The Stability of Sability | “Sability” by Ayra Starr


Ashe Burr, Writer/Volunteer

Ayra Starr, Nigeria’s newest superstarr and self-nicknamed “sabi girl,” just released a song that established her place as one of the hottest artists coming out of West Africa right now. 

I’ve written about Ayra on length back in October, and since then, “Rush” has charted in six nations as well as on the Billboard Global 200. Following that level of success is a tall order, but if anyone was going to be able to match it, it would be Starr. Almost as if to prove that she’s one of the next musical greats to come from the continent, she interpolated Awilo Longomba’s 1999 hit, “Coupé Bibamba,” as the basis for the instrumental of her track “Sability.” The track, which featured Jocelyne Béroard, became a staple in clubs across Africa in the early 2000s. The sampling of such a hit to create a feeling of nostalgia with the new song reminds me of songs like Nicki Minaj’s “Super Freaky Girl” and David Guetta and Ava Max’s “I’m Good (Blue).”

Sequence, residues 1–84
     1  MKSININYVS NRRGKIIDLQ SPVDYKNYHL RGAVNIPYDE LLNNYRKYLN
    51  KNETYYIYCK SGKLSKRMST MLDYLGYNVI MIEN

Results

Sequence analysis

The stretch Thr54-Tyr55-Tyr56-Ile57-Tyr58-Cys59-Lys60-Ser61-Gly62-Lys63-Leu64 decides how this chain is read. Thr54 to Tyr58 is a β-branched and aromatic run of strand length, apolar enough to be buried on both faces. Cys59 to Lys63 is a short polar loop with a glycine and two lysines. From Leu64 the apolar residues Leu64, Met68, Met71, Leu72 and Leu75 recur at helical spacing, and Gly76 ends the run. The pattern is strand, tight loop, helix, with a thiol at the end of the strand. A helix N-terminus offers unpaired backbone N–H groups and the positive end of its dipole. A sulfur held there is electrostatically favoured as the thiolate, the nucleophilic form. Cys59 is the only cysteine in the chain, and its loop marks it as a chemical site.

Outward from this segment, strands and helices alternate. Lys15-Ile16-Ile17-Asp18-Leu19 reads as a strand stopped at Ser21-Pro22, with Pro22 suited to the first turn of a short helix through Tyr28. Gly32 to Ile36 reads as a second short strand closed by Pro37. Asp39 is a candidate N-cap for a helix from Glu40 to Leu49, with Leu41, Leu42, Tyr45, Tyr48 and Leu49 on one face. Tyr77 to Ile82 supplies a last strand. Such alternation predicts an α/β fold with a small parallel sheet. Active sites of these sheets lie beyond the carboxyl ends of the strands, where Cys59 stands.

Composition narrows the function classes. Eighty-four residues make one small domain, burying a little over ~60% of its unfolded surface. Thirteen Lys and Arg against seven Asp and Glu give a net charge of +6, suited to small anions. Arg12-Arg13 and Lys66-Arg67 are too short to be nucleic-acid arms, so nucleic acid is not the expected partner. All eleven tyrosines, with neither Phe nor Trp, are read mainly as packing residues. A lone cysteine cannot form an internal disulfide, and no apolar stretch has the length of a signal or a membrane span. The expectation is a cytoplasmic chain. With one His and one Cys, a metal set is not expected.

The track itself serves as Ayra’s self-empowerment anthem. Melding Yoruba and English in the lyrics, Starr carries her Nigerian heritage to the global platform that she has earned. In the lyrics, Starr compares herself to the legendary soccer player Shinji Kagawa, essentially saying that she is one of the best in her field. 

This begs the question, “what does sabi even mean?” Sabi, a word from Nigerian Pidgin, roughly translates to “to know.” Her tagline, “sabi girl,” essentially means “I know you, girl.” “Sability” can then mean knowledgeability. If there is one thing that Starr knows, it is making songs that will become staples like “Coupé Bibamba” for decades to come.